of the land

of-the-land

Of The Land, 2017


I need and love the land I was born and raised on. Many people find meaning in different things in life. Native people find meaning in the land. They need it.

Sometimes you stand on the shore of  a lake, you see high waves rolling onto shore, and it’s pushed by winds you can’t see. Soon it’s all calm again. In the winter you see flowers, trees, rivers and streams covered with snow and frozen. In the spring it all comes back to life. This has a strong meaning for my people, for me. We need it.

Hay River- Ray Sonfrere


This land: It is just like our blood because we live off the animals that feed off the land. That’s why we are brown. We are not like the white people. We worry about our land because we make our living off the land. They white people: they live on money. That is why they worry about money.

Fort Good Hope- Louis Caesar


I don’t think I will ever end up living like a white man or act like one. The white people, they always have money in the bank. I will never have any money in the bank. The only banking I could do is something that is stored in the bush. That is my bank. That is my savings account, right there.

Some people said to me, “Why don’t you put the money in the bank and save it for the future?” I should have told him at the time, “The north is my bank.” But I never did.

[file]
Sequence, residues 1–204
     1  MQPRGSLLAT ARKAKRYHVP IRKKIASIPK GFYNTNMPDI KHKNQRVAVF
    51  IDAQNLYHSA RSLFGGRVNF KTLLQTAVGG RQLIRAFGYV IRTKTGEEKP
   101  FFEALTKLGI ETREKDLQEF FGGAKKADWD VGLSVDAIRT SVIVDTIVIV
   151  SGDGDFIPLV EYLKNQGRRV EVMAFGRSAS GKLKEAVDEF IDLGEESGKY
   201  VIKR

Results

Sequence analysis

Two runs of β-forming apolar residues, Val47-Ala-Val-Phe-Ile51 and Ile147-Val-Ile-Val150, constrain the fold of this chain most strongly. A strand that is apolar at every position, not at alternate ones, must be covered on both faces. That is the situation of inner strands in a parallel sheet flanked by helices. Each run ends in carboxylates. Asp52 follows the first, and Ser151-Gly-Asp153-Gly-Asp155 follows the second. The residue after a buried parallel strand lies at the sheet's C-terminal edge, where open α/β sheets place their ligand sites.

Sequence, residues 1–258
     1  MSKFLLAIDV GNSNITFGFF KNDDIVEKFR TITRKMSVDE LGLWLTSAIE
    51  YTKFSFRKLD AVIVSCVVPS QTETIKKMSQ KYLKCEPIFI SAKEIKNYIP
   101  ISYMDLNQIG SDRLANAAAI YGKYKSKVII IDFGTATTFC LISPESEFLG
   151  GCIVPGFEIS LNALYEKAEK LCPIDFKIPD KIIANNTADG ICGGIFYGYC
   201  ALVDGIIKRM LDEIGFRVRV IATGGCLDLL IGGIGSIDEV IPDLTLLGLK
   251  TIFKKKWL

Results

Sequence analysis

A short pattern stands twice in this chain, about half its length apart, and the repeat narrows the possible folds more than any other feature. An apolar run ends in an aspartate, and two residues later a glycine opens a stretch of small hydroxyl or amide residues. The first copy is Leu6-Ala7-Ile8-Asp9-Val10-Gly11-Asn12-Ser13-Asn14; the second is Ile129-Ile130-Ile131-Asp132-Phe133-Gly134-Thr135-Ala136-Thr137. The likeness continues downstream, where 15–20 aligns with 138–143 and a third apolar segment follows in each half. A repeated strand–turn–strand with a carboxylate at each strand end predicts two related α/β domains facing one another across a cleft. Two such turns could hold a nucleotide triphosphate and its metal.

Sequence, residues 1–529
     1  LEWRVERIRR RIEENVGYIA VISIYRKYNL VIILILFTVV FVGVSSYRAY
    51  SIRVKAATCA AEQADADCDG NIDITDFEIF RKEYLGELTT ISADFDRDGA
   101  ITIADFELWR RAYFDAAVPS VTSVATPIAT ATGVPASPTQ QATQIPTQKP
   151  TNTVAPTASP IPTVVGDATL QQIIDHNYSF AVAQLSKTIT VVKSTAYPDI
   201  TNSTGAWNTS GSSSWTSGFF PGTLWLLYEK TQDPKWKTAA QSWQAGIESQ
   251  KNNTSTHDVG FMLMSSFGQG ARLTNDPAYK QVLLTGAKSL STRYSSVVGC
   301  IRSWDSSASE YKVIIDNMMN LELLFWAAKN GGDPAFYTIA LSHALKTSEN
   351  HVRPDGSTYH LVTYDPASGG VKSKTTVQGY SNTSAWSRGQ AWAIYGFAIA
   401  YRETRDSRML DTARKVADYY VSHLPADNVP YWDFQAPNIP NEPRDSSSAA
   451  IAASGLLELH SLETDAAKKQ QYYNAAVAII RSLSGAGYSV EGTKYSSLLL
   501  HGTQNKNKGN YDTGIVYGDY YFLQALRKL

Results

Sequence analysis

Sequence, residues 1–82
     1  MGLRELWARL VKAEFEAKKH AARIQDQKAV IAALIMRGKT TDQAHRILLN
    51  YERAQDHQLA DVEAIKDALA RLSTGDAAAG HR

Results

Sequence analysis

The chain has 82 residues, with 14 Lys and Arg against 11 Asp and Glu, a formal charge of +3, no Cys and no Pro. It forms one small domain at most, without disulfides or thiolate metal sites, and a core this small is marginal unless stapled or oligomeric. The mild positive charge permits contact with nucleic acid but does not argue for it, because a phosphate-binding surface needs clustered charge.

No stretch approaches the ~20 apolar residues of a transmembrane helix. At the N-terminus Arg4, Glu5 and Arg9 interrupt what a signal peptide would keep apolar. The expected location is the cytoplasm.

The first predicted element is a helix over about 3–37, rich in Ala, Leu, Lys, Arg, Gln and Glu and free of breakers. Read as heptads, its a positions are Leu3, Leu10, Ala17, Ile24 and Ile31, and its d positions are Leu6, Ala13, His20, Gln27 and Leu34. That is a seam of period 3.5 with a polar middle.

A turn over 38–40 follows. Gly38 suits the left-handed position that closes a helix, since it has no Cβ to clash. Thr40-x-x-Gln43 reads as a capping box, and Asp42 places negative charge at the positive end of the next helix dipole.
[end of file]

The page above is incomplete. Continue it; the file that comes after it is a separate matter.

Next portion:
And I just thought of it now.

Bertram Pokiak of Totyaktuk talks about the fur trade, 40 years ago


It is very clear to me that it is an important and special thing to be an Indian. Being an Indian means being able to understand and live with this world in a very special way. It means living with the land, with the animals, with the birds and fish, as though they were your sisters and brothers. It means saying the land is an old friend and an old friend your father knew, your grandfather knew, indeed your people always have known … we see our land as much, much more than the white man sees it. To the Indian people our land really is our life. Without our land we cannot – we could no longer exist as people. If our land is destroyed, we too are destroyed. If your people ever take our land you will be taking our life.

Richard Nerysoo of Fort McPherson


 

Northern Frontier, Northern Pipeline: The Report of the Mackenzie Valley Pipeline Inquiry

Thomas R. Berger, 1977

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